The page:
Modeling radar scattering from icy lunar regoliths at 13 cm and 4 cm wavelengths

Thomas W. Thompson, Eugene A. Ustinov, Essam Heggy

Research output: Contribution to journalArticle

24 Citations (Scopus)

Abstract

Two orbital synthetic aperture radars (SARs), the Chandrayaan-1 Mini-SAR (13 cm wavelength) and the Lunar Reconnaissance Orbiter (LRO) Mini-RF (13 and 4.2 cm wavelengths), have been imaging the lunar surface searching for ice deposits in the polar permanently shadowed areas. To understand the radar signatures of lunar polar ices, an empirical two-component model with parametric variations of the specular and diffuse components was developed and validated. This model estimates scattering differences associated with slopes, surface roughness, thin regolith over ice, and patches of ice. Lunar radar backscatter cross sections for the average surface for the Chandrayaan-1 and LRO instruments are estimated from the radar cross sections from the Moon at 3.8, 23, and 68 cm wavelengths measured in the 1960s at the Massachusetts Institute of Technology. This modeling predicts that enhanced diffuse scattering from near-surface ice can be separated from rocks if the scattering is characterized by both the high reflectivity and circular polarization ratios (CPRs) like those observed on Mercury, Mars, and the Galilean satellites. Scattering from near-surface ices covered by a thin regolith can be separated from rocks if the enhancement is twice the average or more. If, however, the lunar ice is dispersed throughout the regolith as ice-filling pores, then scattering differences might be too small to detect. Preliminary validation using LRO radar data for a few polar and midlatitude craters indicate that the observed CPRs are consistent with our models for different regolith ice and roughness conditions.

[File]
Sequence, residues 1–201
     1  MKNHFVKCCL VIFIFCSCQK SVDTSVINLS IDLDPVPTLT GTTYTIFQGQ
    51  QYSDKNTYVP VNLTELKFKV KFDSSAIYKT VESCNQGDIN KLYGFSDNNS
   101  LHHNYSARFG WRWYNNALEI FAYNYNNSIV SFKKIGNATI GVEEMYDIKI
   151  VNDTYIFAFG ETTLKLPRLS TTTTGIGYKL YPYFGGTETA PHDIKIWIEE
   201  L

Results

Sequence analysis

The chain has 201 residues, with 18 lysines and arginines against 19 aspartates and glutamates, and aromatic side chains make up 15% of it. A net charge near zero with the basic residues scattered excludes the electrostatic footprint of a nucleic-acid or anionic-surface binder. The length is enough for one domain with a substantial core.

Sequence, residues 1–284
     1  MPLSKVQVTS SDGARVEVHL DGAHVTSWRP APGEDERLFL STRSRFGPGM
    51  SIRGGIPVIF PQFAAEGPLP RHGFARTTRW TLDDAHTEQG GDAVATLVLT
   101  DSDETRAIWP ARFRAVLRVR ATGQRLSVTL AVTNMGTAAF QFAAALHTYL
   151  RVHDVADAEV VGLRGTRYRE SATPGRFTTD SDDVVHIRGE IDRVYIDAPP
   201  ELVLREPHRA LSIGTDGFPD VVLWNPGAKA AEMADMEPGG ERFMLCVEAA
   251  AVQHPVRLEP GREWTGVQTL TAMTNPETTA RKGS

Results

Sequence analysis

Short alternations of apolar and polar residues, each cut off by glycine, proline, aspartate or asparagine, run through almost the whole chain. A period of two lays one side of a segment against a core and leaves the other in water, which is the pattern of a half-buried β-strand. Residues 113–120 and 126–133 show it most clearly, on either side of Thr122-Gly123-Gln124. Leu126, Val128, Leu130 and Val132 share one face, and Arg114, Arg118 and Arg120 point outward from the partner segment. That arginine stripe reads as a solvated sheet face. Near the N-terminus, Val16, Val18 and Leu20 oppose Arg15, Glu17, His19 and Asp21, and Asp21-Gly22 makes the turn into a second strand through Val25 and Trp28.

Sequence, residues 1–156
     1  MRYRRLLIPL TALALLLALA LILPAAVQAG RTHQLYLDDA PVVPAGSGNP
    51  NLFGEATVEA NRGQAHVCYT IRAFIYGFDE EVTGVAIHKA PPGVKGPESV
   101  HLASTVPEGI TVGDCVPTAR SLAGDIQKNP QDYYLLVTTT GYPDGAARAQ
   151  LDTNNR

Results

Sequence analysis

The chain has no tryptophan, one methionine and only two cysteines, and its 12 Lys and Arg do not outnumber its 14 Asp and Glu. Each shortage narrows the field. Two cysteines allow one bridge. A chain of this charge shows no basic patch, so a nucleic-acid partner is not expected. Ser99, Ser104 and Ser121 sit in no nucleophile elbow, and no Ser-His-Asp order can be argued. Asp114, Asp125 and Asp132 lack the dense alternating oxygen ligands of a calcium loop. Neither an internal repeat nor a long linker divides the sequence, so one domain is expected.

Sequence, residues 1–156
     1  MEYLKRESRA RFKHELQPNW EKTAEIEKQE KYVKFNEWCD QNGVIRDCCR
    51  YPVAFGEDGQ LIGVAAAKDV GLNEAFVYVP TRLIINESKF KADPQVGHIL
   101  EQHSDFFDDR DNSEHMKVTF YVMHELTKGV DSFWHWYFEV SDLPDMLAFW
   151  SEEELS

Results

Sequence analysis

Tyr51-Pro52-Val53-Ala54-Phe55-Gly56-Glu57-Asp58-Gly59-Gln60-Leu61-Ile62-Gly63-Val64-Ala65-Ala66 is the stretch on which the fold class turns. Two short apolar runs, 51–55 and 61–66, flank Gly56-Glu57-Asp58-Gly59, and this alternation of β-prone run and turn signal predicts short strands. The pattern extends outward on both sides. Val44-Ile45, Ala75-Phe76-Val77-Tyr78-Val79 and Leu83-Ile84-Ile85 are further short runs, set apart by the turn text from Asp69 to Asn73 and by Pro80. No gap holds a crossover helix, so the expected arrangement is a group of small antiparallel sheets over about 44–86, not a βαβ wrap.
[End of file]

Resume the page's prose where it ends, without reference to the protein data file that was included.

Original languageEnglish
Article numberE01006
JournalJournal of Geophysical Research E: Planets
Volume116
Issue number1
DOIs
Publication statusPublished - 2011
Externally publishedYes

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ASJC Scopus subject areas

  • Geophysics
  • Oceanography
  • Forestry
  • Ecology
  • Aquatic Science
  • Water Science and Technology
  • Soil Science
  • Geochemistry and Petrology
  • Earth-Surface Processes
  • Atmospheric Science
  • Earth and Planetary Sciences (miscellaneous)
  • Space and Planetary Science
  • Palaeontology

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